Matt Johns was third on the depth chart at quarterback heading into UVA’s season opener against UCLA last year, but when starter Greyson Lambert struggled in the first half, throwing two pick-sixes as the 10th-ranked Bruins built a 21-3 second-quarter lead, Johns was called into action.
The sophomore quietly got Virginia back into the game in what became a 28-20 loss, and Johns and Lambert would split snaps at QB the rest of the season.
Johns finally beat out Lambert for the starting job in the spring, prompting Lambert’s decision to transfer out, and since the Cavs have become Johns’ team.
“Matt was very instrumental in getting the team together, getting the receivers together, getting the offensive line and making sure they were working out with the defensive linemen. That’s a leadership part that maybe in the past we haven’t had. He’s shown himself to be a guy that’s not just concerned about what he does, what he has to do, but also the surrounding cast, and I believe that’s why our players respect him so much and call him a leader,” UVA coach Mike London said.
Johns acknowledged that he has taken to the leadership role that comes to being the team’s starting quarterback. The chemistry that comes with player-organized drills is “almost as important as the on-the-field stuff,” Johns said.
“The coaches are going to coach you to what they want. They have their x’s and o’s and structures that they want to see. But in order for all of that to blend together, there needs to be chemistry off the field,” Johns said.
After the spring, Johns and other team leaders got together to coordinate their efforts to build team unity.
“It’s hard to relay that message to the whole team at one time. Kids are going to hear it, it’s going to go in one ear and out the other,” Johns said. “But if I’m in the quarterbacks’ ear every day relaying the same message, and I have Canaan Severin relaying to the wide receivers the same message every day, and I have Smoke (tailback Taquan Mizzell) relaying to the running backs every day, and I have Maurice Canady and Tre Nicholson every day saying the same message, over time it will just blend together.
“That’s what we’re really tried to do, and hopefully we reap the benefits in the future.”
Offensive coordinator Steve Fairchild has tweaked the approach on offense to better take advantage of Johns’ strengths – his ability and willingness to get the ball downfield, his ball-handling skills on fakes, his talents in being able to use his feet to create extra time in the pocket and throw on the run.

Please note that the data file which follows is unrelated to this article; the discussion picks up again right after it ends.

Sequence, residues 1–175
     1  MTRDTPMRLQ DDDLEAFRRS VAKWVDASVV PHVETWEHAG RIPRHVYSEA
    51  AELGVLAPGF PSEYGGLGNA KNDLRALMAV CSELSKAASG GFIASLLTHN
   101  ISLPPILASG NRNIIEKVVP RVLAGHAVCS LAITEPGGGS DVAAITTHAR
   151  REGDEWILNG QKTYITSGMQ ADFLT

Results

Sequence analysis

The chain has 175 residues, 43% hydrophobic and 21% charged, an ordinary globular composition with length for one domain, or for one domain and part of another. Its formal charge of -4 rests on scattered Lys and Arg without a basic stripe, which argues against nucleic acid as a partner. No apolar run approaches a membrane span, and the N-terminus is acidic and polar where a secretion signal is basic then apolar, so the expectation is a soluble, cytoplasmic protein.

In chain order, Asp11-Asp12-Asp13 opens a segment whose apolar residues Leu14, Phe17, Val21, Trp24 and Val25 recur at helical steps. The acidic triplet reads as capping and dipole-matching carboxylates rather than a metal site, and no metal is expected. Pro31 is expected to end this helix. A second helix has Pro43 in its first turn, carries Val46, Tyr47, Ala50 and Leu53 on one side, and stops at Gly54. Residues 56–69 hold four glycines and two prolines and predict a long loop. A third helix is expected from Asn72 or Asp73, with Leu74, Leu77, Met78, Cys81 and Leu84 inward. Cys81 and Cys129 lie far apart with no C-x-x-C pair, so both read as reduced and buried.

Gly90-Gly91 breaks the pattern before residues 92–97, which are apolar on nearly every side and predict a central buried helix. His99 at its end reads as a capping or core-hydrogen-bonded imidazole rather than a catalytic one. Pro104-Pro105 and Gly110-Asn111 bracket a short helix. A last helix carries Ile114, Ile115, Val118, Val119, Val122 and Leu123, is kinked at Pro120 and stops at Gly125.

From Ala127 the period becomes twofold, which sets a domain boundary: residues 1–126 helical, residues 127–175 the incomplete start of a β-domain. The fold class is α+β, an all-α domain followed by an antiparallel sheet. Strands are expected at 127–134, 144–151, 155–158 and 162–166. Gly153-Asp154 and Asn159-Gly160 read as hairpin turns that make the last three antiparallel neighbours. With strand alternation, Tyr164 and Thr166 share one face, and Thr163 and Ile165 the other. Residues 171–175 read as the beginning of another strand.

Fairchild will have Johns under center a lot more than he had Johns and Lambert under center in 2014, when the UVA offense used more three- and four-receiver sets to try to spread the field.
“I’ll take the blame, last year I think we undersold ourselves, we got a little finesse-y in the run game,” said Fairchild, who in his defense was trying to scheme around having a young and thin roster on the offensive line.
“Now looking at it, we went back this spring and we got back under center to try to pound some downhill runs. When you do that, when you run the football, obviously everything else feeds off of that, so now you get some nice throws for the quarterback off nakeds and play-action, you get some nice downfield opportunities off some shot plays. Running the ball better, and it’s a team game, so running the ball better is going to help our passing game,” Fairchild said.
Johns is looking forward to running the new-look UVA offense.
“A more power run game opens up the play-action, things along those lines. It adds more characteristics to our offense and will hopefully make us more successful,” Johns said.
“I love the system, so I’m going to play to the system, and that’s just how it works. We’re going pro-style, so I’m doing my seven-step drop or turn around and show the ball and give them a good fake, things along those lines. I would say it’s good for my skill set,” Johns said.
Johns will have to improve upon his accuracy. He completed 54.9 percent of his passes in 2014, throwing for 1,109 yards and eight touchdowns, with five interceptions, on 162 pass attempts, seeing action in all 12 UVA games, three of them starts.
Fairchild offered some rope for Johns to explain the low completion percentage in 2014, pointing out the issues with the O-line as impacting play-calling and execution. With more experience and depth on the line in 2015, and a bevy of weapons among the skill players, at wideout and tailback, in particular, Johns should have a lot more to work with.
London, for his part, is more than ready to go to war with Johns as the linchpin of the UVA offense.
“He has command of the offense in every way,” London said. “That off-the-field leadership part was indicative of how our guys got together and worked out. He continues to have that type of presence, not only in the huddle, but just simple things. You want leaders to have those types of abilities, and he has done that. He has separated himself from the standpoint of our players having a tremendous amount of confidence in him.”
AFP editor Chris Graham interviews UVA quarterback Matt Johns.